Data were checked for normality, independence and homogeneity of variance before one-way analysis of variance was conducted using months (time) as a factor. Tukey’s a posteriori test was used to identify significantly different groups. Logarithmic transformations of the data were performed when necessary to fulfil the conditions of the parametric analysis of variance. Statistical significance was accepted at P<0.05.

RESULTSTop

Water conditions

The abiotic water parameters temperature and salinity varied throughout the year, showing relevant temperature differences (maximum of 25°C in summer and minimum of 11°C in winter), while salinity showed sudden fluctuations between 36% and 39% (Fig. 1).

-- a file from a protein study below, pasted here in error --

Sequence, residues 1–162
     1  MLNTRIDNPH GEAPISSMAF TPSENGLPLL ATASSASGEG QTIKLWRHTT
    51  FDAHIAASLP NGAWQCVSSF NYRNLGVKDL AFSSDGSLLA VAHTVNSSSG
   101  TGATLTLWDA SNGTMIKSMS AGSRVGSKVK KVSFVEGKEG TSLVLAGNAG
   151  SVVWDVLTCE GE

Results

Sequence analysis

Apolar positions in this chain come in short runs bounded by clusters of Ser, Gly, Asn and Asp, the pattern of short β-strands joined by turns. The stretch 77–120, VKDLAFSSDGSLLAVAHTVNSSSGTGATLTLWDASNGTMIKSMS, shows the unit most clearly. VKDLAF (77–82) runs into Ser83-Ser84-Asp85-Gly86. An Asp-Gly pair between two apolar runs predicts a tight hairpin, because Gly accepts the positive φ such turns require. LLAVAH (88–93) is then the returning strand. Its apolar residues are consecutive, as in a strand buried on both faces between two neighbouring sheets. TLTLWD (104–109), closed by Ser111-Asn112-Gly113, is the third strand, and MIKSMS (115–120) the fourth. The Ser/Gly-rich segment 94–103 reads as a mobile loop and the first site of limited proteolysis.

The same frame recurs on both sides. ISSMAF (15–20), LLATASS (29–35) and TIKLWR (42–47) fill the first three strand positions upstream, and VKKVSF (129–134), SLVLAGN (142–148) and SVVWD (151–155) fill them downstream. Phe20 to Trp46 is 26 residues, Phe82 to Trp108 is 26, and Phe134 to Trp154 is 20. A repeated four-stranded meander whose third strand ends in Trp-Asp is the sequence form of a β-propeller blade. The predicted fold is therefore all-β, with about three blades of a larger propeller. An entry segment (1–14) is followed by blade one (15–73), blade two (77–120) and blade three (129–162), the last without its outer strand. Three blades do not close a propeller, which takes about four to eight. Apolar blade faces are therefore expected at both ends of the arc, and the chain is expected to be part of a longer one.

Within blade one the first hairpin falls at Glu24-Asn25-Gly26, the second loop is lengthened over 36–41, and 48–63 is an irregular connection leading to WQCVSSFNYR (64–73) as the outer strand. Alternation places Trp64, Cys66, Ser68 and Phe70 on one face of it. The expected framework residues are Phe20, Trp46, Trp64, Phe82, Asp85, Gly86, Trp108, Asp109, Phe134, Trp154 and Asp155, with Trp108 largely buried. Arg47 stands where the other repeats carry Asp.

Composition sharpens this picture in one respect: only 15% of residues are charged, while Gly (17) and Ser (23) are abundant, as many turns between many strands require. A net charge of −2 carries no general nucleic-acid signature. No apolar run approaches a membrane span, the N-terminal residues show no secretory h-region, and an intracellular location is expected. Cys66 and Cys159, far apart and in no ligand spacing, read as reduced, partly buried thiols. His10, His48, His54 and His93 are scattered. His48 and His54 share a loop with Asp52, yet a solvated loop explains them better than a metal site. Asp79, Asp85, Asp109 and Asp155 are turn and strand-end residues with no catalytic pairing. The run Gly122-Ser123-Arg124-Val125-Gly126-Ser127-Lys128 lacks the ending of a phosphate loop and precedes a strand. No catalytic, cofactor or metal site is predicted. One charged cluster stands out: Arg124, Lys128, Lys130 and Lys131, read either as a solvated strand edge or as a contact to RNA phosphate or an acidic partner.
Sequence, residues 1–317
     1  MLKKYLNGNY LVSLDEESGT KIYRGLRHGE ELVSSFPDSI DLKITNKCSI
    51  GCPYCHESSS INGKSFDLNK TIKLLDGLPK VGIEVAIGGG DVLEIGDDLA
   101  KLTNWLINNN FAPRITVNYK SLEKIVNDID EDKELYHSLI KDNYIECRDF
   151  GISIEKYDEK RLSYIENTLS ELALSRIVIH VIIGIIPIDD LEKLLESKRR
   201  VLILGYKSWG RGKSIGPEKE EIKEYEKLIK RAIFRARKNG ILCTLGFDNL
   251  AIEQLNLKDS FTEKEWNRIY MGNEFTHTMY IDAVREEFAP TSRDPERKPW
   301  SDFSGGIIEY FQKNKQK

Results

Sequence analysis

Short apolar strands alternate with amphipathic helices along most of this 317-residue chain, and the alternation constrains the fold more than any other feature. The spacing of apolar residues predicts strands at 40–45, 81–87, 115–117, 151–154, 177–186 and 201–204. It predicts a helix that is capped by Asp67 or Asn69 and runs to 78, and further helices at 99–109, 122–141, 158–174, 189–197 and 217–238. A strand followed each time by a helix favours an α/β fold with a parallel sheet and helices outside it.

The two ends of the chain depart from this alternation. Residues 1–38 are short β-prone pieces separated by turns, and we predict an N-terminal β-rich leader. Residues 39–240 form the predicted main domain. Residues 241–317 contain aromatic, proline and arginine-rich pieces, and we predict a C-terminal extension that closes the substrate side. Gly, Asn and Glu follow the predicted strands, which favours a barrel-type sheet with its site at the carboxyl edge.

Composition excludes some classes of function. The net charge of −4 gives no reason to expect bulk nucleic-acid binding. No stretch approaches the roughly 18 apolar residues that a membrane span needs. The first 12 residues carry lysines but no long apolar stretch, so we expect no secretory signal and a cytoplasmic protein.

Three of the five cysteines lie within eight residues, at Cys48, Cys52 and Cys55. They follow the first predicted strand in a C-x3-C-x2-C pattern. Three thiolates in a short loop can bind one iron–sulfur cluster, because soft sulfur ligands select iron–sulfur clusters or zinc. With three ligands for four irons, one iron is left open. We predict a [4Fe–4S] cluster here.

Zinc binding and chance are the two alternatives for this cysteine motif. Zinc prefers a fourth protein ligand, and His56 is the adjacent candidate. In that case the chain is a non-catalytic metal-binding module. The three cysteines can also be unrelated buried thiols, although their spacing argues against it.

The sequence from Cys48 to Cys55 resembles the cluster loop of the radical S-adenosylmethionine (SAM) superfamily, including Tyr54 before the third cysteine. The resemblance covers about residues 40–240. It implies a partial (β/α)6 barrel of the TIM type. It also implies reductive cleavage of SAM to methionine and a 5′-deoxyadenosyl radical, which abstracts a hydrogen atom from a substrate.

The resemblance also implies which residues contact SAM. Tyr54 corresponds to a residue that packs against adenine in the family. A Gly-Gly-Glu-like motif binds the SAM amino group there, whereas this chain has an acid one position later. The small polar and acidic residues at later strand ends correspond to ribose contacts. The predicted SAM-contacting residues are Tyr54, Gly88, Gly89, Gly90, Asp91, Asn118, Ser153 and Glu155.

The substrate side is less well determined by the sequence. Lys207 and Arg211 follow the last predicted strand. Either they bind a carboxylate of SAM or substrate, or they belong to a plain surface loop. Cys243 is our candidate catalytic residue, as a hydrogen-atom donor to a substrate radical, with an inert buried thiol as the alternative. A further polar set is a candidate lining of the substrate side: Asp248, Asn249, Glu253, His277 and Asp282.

Biometrics

Length and weight showed a similar trend, with a strong linear relationship (R2=0.94) between these parameters (Fig. 2). Condition factor (K), hepatosomatic index (HSI) and specific growth rate (% daily SGR) of specimens in each sampling point are shown in Table 2.

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Fig. 2. – Changes in body weight (A) and total length (B) over 18 months in A. regius specimens cultured in an earthen pond. Data points represents mean±SEM (n=10 per group at each sampling time). Different letters indicate significant differences among sampling points (P<0.05, one-way ANOVA, Tukey test).

Table 2. – Seasonal growth performance indices in A. regius specimens cultured in earthen ponds. Further details as in legend of Figure 2.

Dec-04 Feb-05 Apr-05 May-05 Jul-05 Sep-05 Nov-05 Mar-06 May-06